The provinces are now the only authority over bus lines, and some of them have completely deregulated their industries.

The result is an increasingly fragmented system in which Greyhound and others have been replaced by newcomers using smaller buses and nonunion drivers to find profits, although not always successfully. In some cases the newcomers have improved service, but many routes have gone unfilled.

Above all, it’s no longer possible to book a single ticket and enjoy, or perhaps endure, a bus ride across most of the country.

Coast to Coast Bus Coalition. The group is calling on the federal government to return to regulating buses and to work with bus lines to create a national system that would integrate with Via Rail.

Professor Prentice said that the end of Greyhound in Canada had elevated the importance of at least hearing out such a plan.

“It’s remarkable how little people care, or seem to care, about buses,” he said. “Rural areas need transport, but that doesn’t seem to be ever something that translates into votes and therefore doesn’t get a lot of attention.”


symbol of the sovereignty of Canada.” But beavers don’t immediately conjure up warm feelings among all Canadians.

Property owners struggle to keep their land from being flooded by the industrious creatures, and their dams sometimes lead to dangerous highway washouts. This week, the Royal Canadian Mounted Police in Saskatchewan found a pile of fence posts that had been reported as stolen incorporated into a beaver dam.

please email me directly and include your contact information and where you live. Please don’t labor over the note, I’ll be interviewing everyone who has a story that will fit with the article.


caught up with some of its artists. For one aerialist, Dan found that “the long pause had undermined his confidence, since he couldn’t rehearse his airborne routines. When he recently started retraining, he said, he discovered that he had lost his ‘muscle memory’ and felt afraid to be in the air.” Also be sure to check out this video presentation of the artists getting back to the unique line of work.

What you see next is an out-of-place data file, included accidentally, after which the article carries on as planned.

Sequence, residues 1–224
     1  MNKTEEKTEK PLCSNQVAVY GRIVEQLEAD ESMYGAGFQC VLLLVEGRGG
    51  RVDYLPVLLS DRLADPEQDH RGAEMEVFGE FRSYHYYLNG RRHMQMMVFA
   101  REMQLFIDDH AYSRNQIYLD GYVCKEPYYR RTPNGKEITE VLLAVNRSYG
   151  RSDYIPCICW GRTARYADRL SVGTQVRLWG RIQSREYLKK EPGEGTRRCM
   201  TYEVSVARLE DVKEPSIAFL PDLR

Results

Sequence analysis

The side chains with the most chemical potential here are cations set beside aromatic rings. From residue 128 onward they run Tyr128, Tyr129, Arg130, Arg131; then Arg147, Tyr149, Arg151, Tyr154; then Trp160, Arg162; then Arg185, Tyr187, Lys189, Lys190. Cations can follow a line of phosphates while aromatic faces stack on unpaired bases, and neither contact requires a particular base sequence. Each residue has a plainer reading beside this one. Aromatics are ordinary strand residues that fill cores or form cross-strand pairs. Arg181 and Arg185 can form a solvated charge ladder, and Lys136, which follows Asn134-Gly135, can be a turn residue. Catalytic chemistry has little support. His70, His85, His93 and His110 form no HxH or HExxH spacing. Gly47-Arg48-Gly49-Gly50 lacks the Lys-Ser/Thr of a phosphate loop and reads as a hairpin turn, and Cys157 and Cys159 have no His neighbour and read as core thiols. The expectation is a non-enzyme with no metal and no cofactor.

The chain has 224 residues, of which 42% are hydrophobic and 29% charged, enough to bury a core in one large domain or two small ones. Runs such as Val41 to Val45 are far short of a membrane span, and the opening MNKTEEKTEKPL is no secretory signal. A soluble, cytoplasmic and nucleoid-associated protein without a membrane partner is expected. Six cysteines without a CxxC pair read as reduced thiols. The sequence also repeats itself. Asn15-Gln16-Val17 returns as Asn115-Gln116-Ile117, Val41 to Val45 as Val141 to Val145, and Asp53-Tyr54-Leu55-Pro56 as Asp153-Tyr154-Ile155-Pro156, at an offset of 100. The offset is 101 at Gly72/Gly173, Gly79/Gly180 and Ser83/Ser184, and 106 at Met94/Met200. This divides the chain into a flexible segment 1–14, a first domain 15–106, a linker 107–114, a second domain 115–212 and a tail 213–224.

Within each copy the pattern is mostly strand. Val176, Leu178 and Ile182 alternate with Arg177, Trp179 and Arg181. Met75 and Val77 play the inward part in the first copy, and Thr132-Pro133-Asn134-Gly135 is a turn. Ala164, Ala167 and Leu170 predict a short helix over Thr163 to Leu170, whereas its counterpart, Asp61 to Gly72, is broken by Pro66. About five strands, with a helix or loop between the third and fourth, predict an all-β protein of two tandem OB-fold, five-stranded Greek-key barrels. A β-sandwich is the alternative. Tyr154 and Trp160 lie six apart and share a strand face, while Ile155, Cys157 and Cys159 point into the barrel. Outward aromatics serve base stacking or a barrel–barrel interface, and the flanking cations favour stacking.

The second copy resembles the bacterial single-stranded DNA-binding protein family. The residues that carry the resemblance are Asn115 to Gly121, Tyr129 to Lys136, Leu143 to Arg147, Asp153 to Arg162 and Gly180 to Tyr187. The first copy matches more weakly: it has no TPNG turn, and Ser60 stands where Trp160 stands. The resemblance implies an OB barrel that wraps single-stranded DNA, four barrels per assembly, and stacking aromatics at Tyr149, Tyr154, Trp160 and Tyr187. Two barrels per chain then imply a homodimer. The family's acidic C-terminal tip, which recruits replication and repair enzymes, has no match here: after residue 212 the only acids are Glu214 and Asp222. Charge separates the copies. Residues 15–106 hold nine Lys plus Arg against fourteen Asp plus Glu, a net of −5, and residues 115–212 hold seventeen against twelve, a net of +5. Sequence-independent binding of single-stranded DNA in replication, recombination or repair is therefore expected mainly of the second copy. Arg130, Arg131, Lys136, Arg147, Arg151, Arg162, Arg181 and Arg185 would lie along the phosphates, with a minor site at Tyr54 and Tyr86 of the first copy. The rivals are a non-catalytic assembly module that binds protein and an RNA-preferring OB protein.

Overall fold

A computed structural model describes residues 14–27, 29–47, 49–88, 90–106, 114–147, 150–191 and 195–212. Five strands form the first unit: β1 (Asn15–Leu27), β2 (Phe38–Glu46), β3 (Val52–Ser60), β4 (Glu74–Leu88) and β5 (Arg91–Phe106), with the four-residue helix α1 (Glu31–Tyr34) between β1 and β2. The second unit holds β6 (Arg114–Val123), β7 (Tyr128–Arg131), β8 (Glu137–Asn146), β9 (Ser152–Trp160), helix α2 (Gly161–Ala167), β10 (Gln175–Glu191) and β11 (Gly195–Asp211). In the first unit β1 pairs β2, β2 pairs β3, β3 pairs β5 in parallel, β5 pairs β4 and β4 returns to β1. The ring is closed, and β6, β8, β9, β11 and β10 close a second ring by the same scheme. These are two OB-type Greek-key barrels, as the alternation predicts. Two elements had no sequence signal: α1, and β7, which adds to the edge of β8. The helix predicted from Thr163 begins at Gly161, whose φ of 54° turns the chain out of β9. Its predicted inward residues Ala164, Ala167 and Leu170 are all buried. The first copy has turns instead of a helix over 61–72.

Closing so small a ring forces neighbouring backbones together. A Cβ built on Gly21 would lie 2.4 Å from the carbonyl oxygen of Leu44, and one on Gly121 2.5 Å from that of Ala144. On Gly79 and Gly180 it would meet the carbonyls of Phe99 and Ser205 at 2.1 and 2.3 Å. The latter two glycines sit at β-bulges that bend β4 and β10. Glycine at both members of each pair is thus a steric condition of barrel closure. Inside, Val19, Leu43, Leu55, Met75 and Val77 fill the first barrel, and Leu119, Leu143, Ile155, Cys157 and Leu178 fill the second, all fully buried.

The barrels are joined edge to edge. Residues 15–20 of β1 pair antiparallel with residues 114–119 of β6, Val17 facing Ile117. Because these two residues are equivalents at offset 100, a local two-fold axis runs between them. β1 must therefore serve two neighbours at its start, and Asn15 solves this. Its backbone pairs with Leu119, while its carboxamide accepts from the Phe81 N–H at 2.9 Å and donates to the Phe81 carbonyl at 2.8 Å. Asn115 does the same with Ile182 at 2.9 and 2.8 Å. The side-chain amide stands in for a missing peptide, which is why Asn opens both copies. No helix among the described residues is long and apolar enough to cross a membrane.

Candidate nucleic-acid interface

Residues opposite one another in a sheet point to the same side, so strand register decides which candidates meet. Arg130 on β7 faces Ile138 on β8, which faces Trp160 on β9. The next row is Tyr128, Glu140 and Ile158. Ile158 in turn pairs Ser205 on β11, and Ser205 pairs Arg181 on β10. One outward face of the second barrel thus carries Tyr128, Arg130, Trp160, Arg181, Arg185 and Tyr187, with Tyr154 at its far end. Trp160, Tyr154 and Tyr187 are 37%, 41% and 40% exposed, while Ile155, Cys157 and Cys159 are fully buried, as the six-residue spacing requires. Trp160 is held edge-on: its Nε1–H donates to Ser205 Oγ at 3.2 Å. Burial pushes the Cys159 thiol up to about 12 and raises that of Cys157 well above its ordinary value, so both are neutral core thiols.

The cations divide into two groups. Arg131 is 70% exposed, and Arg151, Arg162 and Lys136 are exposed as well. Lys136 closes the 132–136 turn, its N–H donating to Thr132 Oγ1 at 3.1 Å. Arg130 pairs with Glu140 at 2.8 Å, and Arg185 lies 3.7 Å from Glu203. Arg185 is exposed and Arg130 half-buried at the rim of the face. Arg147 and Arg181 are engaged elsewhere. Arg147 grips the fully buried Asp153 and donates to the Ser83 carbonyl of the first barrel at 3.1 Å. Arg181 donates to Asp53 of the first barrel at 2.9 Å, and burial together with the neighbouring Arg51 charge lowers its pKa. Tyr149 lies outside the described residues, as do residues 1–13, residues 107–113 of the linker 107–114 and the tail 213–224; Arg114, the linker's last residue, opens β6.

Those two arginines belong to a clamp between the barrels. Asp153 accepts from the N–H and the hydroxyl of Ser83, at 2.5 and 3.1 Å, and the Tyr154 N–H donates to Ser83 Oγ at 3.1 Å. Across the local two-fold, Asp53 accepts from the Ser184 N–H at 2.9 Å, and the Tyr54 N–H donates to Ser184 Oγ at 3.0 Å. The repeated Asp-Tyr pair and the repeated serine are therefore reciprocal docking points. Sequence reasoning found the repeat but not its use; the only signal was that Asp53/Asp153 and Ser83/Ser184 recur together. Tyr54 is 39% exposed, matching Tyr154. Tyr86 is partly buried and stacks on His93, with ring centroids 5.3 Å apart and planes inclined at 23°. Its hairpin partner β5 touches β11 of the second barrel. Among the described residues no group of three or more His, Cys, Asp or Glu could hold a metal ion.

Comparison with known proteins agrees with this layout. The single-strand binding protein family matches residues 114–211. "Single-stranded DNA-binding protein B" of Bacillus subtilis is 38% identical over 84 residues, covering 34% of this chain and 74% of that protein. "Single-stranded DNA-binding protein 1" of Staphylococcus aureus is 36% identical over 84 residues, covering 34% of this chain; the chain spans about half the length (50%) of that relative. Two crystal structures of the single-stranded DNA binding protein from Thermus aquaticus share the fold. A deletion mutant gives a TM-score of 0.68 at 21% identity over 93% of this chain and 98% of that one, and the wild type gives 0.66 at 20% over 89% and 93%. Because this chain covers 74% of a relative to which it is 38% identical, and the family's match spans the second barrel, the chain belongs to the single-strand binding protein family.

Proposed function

• Four months after President Biden canceled the Keystone XL pipeline, Canada is again at odds with the United States over another pipeline.

  • A prepandemic pregnancy means that Mandy Bujold, a top ranked boxer from Canada, may miss the Tokyo Olympics because of selection rule changes.

  • Tom Wilson, a Toronto native who plays for the Washington Capitals, is the talk of the N.H.L. for all the wrong reasons right now. Ben Shpigel reports that Wilson is the teammate that everyone wants and the opponent that everyone loves to hate. And Victor Mather has previewed the upcoming N.H.L. playoffs.

  • Jon Pareles writes that a new recording by the singer Allison Russell, a native of Montreal, delves into some dark places in her past and is “an album of strength and affirmation, not victimization.”


  • A native of Windsor, Ontario, Ian Austen was educated in Toronto, lives in Ottawa and has reported about Canada for The New York Times for the past 16 years. Follow him on Twitter at @ianrausten.


    How are we doing?
    We’re eager to have your thoughts about this newsletter and events in Canada in general. Please send them to nytcanada@nytimes.com.

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    Years of Unheeded Warnings. Then the Subway Crash Mexico City Had Feared.

    MEXICO CITY — The capital had been bracing for the disaster for years.

    Ever since it opened nearly a decade ago, the newest Mexico City subway line — a heralded expansion of the second largest subway system in the Americas — had been plagued with structural weaknesses that led engineers to warn of potential accidents. Yet other than a brief, partial shutdown of the line in 2014, the warnings went unheeded by successive governments.

    On Monday night, the mounting problems turned fatal: A subway train on the Golden Line plunged about 50 feet after an overpass collapsed underneath it, killing at least 24 people and injuring dozens more.

    The accident — and the government’s failure to act sooner to fix known problems with the line — immediately set off a political firestorm for three of the most powerful people in Mexico: the president and the two people widely believed to be front-runners to succeed him as leaders of the governing party and possibly, the country.

    told reporters through sobs. “I can’t find him anywhere.”

    Hours later, her 13-year-old son, Brandon Giovani Hernández Tapia, was still missing.

    told reporters gathered at the crash site on Tuesday. “The metro wasn’t built on its own — this flaw has been there for a long time and no one did anything.”